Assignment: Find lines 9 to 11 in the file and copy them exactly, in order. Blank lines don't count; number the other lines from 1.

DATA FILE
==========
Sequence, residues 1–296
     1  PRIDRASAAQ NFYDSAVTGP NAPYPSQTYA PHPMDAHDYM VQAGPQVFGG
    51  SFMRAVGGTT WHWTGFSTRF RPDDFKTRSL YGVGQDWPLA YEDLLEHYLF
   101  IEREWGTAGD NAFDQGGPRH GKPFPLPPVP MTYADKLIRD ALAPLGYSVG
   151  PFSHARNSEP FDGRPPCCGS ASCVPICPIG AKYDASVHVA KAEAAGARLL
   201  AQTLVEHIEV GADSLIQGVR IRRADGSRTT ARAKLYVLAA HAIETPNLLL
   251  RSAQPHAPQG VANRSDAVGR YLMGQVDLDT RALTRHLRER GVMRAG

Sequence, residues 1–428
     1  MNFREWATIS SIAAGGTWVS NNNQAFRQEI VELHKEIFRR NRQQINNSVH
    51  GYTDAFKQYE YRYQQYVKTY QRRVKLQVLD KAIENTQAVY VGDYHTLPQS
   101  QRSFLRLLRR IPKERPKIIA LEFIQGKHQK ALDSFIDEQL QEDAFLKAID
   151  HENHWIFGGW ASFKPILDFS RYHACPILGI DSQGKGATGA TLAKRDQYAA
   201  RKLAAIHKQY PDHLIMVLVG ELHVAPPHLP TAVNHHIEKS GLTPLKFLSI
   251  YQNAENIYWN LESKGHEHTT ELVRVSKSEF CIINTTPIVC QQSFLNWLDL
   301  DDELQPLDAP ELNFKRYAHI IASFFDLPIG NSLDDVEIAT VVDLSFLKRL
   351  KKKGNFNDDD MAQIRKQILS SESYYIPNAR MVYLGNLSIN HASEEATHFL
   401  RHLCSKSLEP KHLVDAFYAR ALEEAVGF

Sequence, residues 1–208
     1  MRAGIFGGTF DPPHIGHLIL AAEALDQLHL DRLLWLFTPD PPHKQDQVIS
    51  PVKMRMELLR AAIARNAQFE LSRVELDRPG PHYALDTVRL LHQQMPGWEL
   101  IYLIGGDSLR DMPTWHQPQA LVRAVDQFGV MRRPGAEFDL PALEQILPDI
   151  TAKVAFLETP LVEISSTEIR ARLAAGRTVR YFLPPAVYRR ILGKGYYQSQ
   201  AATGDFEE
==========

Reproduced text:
     1  MNFREWATIS SIAAGGTWVS NNNQAFRQEI VELHKEIFRR NRQQINNSVH
    51  GYTDAFKQYE YRYQQYVKTY QRRVKLQVLD KAIENTQAVY VGDYHTLPQS
   101  QRSFLRLLRR IPKERPKIIA LEFIQGKHQK ALDSFIDEQL QEDAFLKAID